Part of my job-hunting has been to attend a course called JobNet with Jobcare which I have run out of adjectives to describe. It is brilliant at doing points (1) and (2) but listening to the two dozen people that completed and graduated from the course yesterday the key message I heard was

“It has raised my confidence again”

“It has given my great comfort to know other people are in the same boat with me”

“It has given me the discipline and structure I needed”

“I don’t feel guilty anymore”

“It’s help me see that I do have skills that are useful and experience that is valuable”

“It has helped me sell myself better and be more confident in talking about my ability”

And so on and so forth.

To remain motivated when you face regular rejections you do need others around you and you do need to keep some sort of structure in your life.

Motivation is doubly important because, as Brian McIvor was urging us all yesterday, our passion, our enthusiasm, our attitude and our energy are what employers want to see. If you look and sound like you have got something about you then you are more likely to get a job. So keeping your motivation and confidence high is, I think, everything!

Anyway, they are my 3 top three tips and I am very new to job hunting. We’re soon to get off our ‘big boat’ so I’ll hand this over to you

What do other people think? How do you get a job in Dublin in a time of recession?

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2 Comments leave one →
  1. Richie permalink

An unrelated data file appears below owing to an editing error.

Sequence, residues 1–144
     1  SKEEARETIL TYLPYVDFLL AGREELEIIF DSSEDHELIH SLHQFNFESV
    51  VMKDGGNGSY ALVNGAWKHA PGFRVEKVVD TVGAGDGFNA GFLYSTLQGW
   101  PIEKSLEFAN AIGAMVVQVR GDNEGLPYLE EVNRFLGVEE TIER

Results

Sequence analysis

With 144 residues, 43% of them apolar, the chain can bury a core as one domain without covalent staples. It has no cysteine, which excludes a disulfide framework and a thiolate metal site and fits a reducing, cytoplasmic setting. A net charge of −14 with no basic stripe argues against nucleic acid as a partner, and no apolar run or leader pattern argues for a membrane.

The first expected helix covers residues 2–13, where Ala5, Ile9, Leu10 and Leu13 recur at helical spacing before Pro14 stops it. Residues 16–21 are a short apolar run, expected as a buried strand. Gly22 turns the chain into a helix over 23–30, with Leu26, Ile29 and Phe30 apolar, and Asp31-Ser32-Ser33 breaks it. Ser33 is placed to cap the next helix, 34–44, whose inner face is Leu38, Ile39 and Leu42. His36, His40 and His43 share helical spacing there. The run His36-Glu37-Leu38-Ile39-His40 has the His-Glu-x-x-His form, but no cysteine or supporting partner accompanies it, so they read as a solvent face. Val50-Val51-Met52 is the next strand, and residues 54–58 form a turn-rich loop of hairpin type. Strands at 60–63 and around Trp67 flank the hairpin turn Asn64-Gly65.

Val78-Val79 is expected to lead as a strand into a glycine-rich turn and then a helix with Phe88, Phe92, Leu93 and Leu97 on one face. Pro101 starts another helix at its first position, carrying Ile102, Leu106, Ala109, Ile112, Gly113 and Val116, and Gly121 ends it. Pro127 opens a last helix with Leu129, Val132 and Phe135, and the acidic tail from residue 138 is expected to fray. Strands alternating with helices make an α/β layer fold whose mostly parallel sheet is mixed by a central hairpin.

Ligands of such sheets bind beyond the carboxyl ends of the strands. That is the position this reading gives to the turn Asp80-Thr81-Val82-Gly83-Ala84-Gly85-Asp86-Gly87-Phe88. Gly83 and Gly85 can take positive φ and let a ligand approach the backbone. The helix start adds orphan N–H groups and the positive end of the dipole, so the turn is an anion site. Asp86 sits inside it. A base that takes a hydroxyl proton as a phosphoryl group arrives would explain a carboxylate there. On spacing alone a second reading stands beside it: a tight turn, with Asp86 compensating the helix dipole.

30 October 2012 11:09 am

    Interesting stuff Steve, I think positivity will always pay off because people want positive creative forces in their organisation. My three tips would be ‘Network, network, network’ but I can’t argue with the points you make.

    To adapt a wholly inappropriate quote from a great movie called ‘A fistful of dollars’ (watch it for the soundtrack alone) “sometime’s a man’s life can depend on a mere scrap of information” and quite often that’s what you get from networking.

    Best of luck to you and the family on your Irish odyssey!

    Richie

    • 30 October 2012 12:15 pm

      Hi Richie,

      Thanks for reading and commenting on my blog.

      It was great to meet up last week and from meeting with you and hearing your story one thing I found particularly helpful regarding Networking is that you said “you have to be genuine and interested in the other person” and “you have to try and do something for them.” True networking works both ways.

      And Brian McIvor was all about Positivity too and the energy we bring to a company.

      I’ll check out the movie (or at least the soundtrack).

      Thanks again
      Steve